Wednesday, May 25, 2011
Barry Frydlender, Travelogue in Pictures @Meislin
Comments/Context: With the proliferation of powerful digital tools, it seems like the composite panorama has become a photographic subgenre all its own. Starting with fragments from hundreds of individual images, a photographer then stitches these pieces into a single large tableaux, often with multiple stories occurring simultaneously. The result is a hyper-real instant, where detail is crisp from edge to edge, and where the documentary reality is subtly transformed into an interpretive scene.
What I found most interesting (and in some cases perplexing) in many of Frydlender's images is that he has quietly inserted a sense of upending time warp, where individual subjects can often be seen more than once in the large span of the image. This doppelganger effect is easy to miss if you don't look closely, but once you see it, it transforms the scenes from quasi-documentary stills into something altogether more original and radical. Time has been collapsed, and the single image now represents a more cinematic place, where individuals seem to traverse the surface of the image as they jump from one instance of themselves to the next. This technique unfreezes the fabricated moment and instead creates fluid motion, where past and present are interlinked.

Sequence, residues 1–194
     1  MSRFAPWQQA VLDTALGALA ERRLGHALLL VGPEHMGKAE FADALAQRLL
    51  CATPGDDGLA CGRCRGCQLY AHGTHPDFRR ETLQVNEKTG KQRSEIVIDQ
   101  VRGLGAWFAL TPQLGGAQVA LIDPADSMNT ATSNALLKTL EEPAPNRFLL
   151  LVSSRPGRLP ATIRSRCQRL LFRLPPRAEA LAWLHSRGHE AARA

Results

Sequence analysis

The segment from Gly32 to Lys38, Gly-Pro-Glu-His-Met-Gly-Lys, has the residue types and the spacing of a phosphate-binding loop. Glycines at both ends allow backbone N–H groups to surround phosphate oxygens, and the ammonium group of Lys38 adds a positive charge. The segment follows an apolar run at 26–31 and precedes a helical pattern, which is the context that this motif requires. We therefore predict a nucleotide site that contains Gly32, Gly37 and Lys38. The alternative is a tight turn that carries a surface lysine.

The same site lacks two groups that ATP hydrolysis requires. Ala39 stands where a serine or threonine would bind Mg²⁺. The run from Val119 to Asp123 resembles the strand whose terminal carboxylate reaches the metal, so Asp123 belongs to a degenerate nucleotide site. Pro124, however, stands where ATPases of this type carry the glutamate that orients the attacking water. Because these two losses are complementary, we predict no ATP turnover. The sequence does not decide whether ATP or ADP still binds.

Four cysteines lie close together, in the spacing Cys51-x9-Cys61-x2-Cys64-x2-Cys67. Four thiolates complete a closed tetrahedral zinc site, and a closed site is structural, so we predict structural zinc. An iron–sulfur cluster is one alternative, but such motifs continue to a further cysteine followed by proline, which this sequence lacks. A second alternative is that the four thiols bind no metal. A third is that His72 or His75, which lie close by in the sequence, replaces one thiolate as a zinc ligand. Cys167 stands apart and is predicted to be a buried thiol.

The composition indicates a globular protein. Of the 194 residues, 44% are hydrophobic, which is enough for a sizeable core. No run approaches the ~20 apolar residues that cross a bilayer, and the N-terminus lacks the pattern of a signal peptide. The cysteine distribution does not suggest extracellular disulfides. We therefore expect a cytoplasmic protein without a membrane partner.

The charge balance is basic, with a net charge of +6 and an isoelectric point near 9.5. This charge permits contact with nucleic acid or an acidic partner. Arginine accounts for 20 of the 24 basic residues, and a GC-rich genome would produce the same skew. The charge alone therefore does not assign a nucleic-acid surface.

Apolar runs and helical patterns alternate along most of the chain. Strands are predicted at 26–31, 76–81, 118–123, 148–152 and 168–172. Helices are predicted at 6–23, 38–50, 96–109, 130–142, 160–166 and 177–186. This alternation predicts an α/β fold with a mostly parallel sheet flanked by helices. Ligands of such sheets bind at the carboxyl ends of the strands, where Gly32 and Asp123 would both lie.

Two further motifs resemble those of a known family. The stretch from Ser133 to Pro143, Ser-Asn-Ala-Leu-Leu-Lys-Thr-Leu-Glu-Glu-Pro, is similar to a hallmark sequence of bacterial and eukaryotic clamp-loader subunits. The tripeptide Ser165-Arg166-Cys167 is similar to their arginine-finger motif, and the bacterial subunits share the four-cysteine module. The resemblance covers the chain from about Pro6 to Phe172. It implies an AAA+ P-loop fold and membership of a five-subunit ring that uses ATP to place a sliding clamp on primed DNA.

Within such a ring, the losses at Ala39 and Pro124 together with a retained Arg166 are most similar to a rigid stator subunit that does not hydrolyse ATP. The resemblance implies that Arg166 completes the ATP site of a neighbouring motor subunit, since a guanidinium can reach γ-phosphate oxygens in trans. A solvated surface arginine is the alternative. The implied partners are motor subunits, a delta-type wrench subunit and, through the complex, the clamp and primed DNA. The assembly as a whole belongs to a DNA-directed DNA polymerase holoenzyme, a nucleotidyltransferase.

For me, this idea of time-based seriality inside the framework of a single static image is quite exciting, as it updates the concept of the multiple exposure for the digital age; it also changes the nature of the traditional photographic narrative. This seems like fertile ground for unexpected ways of thinking, and I hope Frydlender will take this straightforward thought and expand it in new and challenging directions.
Rating: * (one star) GOOD (rating system described here)
Barry Frydlender, Travelogue in Pictures
Through June 18th
Andrea Meislin Gallery
526 West 26th Street
New York, NY 10001